Stephen Babcock’s “Atlanta” is for anyone who listens hard to hear if there’s an organ in the background of a song. (You won’t have to scrunch your ears to find the keys in this one: it fades in at the one-minute-mark.) The organ performance, with all its screamin’ soul, is the heart of this folk/Americana tune.
There’s also charming pedal steel, punchy drums, and chipper guitar strum that try to steal my attention–and that bouncy acoustic guitar almost does it. But it’s the organ that really gets me in this one. It’s not even the most prominent element of the song (that would be the pedal steel or the drums) but it gives the song so much flavor.
Babcock’s tenor voice is also great–he’s got an off-the-cuff, easygoing approach to his vocal performance. He seems to be effortlessly gliding through his arrangement, like he’s singing as he walks past a band gettin’ after it on the street corner. (The below album art helps with this imagined scene.) The light swagger of the melody only adds to the freewheeling vibe. This track is a ray of Americana sunshine. If you’re a fan of Josh Ritter’s major key work (“Lark” comes to mind), Langhorne Slim, or old-school Dawes (“When My Time Comes” forever, y’all), you’ll connect with this one immediately.
“Atlanta” comes from Fiction, which drops April 6. Fiction was produced by Cody Rahn and Stephen Babcock at Seaside Lounge Recording Studio in Brooklyn, mixed/recorded by Mor Mezrich, and mastered by Kevin Salem (Rachel Yamagata, Yo La Tengo, Zee Avi, Peter Paul and Mary, Lenka).
You can checkout Babcock on a Sofar Sounds tour if you’re near the East Coast. (I’m sad to miss the Raleigh date–I miss you, North Carolina!)
4/7- Rockwood Music Hall, Stage Two – New York, NY – 9PM
4/12- Sofar Sounds DC – Washington DC – 8PM
4/13- Sofar Sounds Charlotte – Charlotte, NC – 8PM
4/14- Sofar Sounds Raleigh – Raleigh, NC – 8PM
4/15- Sofar Sounds Charleston – Charleston, SC – 8PM
4/20- Sofar Sounds New York – New York, NY – 8PM
Michelle Mandico‘s “Ptarmigan” is a testament to the elegance of simplicity, from the melody to the arrangement to the lyrics. The delicate, spacious folk song features Mandico’s pure and clear voice delivering a compellingly unadorned melody. Mandico doesn’t go for tricks or quirks; instead, she delivers with confidence a vocal performance that perfectly meshes with the guitar line.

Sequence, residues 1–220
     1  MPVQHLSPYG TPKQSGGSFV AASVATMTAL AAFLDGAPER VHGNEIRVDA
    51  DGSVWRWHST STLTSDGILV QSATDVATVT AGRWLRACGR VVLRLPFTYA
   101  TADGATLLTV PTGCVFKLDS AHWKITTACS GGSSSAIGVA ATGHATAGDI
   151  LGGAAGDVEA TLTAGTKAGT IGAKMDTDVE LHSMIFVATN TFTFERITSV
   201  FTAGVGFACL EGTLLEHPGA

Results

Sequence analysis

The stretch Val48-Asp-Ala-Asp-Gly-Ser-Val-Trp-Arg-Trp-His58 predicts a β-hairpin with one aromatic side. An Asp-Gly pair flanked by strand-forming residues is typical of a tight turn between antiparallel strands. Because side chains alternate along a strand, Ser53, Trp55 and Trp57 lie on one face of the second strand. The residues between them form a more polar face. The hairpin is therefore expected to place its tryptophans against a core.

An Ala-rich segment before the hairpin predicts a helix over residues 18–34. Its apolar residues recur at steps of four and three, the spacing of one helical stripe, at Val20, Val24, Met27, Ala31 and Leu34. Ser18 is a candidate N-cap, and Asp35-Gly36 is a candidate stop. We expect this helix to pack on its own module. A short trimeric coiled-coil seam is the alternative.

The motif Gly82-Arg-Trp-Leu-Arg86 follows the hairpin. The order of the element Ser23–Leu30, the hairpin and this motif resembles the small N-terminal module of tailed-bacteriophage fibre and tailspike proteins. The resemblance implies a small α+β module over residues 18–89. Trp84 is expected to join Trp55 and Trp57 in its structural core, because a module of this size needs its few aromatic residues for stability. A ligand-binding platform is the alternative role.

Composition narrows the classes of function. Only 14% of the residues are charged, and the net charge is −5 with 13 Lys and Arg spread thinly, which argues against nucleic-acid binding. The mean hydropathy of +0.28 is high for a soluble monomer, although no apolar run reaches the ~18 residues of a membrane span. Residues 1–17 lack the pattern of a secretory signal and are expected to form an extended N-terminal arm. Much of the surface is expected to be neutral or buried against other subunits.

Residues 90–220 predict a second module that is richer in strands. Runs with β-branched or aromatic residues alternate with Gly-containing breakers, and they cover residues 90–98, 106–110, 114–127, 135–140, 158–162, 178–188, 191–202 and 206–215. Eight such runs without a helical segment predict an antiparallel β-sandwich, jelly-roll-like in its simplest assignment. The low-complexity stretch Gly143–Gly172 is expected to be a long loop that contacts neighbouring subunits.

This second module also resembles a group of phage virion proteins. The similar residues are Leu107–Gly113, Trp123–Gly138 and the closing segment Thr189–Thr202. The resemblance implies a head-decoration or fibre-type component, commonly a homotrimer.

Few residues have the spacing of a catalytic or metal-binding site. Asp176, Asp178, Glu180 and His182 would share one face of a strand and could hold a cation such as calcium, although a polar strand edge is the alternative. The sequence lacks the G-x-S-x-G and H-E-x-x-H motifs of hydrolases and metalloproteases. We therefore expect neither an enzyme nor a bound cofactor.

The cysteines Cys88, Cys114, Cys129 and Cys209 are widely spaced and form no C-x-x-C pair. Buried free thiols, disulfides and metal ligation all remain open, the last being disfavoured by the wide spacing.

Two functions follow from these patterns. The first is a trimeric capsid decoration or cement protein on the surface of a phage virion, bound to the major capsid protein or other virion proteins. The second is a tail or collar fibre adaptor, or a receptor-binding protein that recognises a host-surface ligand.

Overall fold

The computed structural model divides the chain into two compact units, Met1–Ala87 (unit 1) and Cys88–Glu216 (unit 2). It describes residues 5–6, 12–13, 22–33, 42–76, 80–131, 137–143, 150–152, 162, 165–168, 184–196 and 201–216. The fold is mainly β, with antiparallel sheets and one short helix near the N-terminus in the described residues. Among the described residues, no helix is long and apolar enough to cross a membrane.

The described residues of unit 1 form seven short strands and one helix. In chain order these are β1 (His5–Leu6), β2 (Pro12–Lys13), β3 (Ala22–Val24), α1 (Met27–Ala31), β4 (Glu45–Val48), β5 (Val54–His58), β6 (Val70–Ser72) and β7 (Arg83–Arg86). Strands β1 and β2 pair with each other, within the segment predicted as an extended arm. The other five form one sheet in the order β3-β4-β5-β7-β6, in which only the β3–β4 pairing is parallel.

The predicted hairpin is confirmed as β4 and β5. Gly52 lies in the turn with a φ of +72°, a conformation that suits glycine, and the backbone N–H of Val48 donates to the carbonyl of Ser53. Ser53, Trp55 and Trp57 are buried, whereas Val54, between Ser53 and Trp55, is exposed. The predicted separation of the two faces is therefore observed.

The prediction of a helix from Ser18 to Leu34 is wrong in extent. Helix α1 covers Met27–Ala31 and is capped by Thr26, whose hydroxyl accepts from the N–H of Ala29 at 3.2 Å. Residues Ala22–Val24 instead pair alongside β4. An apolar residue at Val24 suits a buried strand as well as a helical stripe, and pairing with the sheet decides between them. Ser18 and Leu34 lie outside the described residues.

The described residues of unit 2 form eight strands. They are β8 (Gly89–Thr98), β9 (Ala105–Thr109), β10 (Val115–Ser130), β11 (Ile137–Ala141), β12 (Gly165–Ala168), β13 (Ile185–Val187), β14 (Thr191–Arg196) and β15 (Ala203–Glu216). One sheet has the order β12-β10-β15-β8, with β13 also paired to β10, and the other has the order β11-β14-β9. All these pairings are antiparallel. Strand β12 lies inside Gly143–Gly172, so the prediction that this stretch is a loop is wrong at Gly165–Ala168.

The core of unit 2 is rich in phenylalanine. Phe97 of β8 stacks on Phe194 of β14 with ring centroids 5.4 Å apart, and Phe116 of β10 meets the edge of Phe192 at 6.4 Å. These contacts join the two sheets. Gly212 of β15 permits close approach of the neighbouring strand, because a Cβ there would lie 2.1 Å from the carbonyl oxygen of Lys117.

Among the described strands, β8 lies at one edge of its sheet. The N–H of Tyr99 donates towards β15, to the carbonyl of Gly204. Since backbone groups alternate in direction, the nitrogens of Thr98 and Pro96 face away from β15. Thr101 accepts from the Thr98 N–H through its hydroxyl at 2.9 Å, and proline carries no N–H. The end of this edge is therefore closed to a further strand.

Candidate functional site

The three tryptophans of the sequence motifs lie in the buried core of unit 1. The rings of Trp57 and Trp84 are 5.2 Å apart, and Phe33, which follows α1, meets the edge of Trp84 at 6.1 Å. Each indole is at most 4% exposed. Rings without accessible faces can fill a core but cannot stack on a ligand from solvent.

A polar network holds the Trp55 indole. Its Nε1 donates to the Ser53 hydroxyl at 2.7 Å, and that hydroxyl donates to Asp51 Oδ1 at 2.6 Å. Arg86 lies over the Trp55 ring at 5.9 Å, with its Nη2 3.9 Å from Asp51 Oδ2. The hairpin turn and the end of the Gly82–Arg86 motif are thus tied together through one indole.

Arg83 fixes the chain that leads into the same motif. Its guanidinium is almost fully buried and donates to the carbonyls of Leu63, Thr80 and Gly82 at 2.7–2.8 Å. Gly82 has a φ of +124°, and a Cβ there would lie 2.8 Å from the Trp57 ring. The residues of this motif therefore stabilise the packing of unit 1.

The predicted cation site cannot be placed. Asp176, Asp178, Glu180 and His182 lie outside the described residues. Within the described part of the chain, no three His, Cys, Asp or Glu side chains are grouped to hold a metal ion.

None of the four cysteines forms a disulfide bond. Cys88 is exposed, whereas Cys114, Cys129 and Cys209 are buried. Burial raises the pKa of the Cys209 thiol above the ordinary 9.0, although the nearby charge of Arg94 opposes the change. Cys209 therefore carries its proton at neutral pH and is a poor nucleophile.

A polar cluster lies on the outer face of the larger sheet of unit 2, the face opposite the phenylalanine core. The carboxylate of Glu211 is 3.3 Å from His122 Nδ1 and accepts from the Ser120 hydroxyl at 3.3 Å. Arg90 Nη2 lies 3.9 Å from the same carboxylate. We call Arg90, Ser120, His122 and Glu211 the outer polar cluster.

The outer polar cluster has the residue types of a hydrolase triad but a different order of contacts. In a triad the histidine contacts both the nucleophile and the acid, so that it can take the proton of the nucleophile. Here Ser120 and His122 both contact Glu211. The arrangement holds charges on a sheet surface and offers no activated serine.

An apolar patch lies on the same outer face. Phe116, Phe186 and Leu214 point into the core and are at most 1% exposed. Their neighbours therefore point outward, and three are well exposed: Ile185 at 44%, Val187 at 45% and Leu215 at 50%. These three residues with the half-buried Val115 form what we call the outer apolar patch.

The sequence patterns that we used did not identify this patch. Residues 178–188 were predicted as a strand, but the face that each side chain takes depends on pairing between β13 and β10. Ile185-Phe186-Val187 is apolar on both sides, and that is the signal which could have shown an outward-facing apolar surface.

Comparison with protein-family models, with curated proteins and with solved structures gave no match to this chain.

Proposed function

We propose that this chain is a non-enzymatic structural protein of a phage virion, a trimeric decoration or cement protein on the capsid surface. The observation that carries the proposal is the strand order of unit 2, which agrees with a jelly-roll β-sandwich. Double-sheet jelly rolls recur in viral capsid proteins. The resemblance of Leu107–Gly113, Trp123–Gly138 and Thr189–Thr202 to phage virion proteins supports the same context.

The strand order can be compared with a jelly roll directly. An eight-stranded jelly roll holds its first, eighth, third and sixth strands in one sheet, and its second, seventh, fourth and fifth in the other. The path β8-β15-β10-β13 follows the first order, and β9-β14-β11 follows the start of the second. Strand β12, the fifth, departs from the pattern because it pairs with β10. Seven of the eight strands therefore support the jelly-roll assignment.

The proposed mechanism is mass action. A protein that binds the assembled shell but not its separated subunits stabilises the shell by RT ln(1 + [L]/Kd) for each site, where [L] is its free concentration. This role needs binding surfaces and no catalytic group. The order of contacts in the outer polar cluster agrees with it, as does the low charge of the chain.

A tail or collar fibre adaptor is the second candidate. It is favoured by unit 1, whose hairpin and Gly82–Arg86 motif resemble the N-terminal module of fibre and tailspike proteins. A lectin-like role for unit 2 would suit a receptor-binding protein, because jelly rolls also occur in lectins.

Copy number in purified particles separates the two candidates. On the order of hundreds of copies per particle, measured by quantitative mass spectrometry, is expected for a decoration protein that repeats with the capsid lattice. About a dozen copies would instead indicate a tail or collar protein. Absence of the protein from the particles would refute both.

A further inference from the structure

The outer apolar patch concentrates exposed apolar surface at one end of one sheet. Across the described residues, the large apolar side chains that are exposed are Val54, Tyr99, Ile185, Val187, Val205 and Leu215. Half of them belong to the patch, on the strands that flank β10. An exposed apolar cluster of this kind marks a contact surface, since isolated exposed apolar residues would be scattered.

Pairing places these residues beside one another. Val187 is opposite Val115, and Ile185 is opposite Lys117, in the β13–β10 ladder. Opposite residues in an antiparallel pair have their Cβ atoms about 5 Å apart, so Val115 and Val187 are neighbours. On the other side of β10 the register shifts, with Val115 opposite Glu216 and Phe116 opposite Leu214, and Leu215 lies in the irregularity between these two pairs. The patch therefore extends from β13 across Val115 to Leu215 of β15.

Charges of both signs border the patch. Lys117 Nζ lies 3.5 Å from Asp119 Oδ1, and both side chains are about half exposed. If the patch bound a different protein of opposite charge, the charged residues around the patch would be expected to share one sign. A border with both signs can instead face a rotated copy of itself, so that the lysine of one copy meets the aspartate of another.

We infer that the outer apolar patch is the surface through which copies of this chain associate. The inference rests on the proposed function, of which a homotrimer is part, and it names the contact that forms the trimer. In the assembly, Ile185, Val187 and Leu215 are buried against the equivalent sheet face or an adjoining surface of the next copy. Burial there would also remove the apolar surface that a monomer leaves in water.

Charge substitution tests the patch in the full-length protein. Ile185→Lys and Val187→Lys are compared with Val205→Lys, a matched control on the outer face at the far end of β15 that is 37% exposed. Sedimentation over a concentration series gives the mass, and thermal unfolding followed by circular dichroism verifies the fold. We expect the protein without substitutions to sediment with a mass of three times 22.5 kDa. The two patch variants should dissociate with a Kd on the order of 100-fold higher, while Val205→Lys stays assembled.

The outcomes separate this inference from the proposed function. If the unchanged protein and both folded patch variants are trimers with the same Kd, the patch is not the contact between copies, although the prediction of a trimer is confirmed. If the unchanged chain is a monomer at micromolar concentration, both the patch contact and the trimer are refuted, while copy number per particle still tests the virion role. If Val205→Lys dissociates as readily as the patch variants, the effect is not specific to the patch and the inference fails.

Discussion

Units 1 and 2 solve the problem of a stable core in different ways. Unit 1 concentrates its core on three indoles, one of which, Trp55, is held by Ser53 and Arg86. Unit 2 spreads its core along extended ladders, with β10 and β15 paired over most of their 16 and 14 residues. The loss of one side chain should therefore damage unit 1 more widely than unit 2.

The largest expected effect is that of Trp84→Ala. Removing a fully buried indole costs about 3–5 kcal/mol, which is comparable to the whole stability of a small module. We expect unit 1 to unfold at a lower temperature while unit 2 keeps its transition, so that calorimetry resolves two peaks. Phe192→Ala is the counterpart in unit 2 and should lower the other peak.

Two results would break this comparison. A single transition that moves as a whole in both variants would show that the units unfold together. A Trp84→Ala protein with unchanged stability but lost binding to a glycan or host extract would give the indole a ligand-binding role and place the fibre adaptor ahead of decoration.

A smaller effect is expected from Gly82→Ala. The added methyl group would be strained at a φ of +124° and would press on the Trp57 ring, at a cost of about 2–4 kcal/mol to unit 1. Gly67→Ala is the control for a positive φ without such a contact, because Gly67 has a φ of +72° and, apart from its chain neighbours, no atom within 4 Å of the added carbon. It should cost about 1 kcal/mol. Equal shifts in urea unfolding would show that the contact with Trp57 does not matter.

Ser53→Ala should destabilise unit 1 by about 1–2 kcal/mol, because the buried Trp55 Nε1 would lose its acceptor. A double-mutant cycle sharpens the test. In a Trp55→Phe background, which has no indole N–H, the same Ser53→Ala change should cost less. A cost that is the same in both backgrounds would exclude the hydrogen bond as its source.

That melancholy fingerpicked guitar line comprises a large chunk of the arrangement, as Mandico keeps the instruments to a minimum. An emotional fiddle enters a third of the way through the song, occasional acoustic guitar overdubs appear–and that’s the whole setup for the track. The power of the song comes not from its complexity, but from how well everything comes together into a full work.
The lyrics focus on stripped-down simplicity as well, although that simplicity isn’t always for the best; the simple statement of “and it’s funny how we need no words / when silence carries” is less optimistic when paired with the refrain of “I’m alone again.” But the refrain also includes “I’m a ptarmigan / in my mountain home”–being at home is good, but the home of the ptarmigan is very cold (the ptarmigan is the official bird of Canadian province Nunavut, otherwise known as the farthest northern part of Canada). So there’s complexity in the simplicity, too. Mandico’s tune is impressive, and establishes her as a newcomer to watch.
The video is a collage of clips culled from 1000 hours of tour video. That herculean effort on the part of filmmaker Annie McCain Engman results in an impressionistic piece that evokes both the speed of moving cars and the warm brightness of Bass’ music. There’s a lot crammed in the video, and it works best as the whole it was intended to be (instead of me trying to explain it too much). If you’re thinking, “Ugh, collage, I hate collage, anyone can collage,” know that I’m with you. This one caught my attention anyway due to the deft handling of the work by Engman. Anyone can collage, but pros can collage better.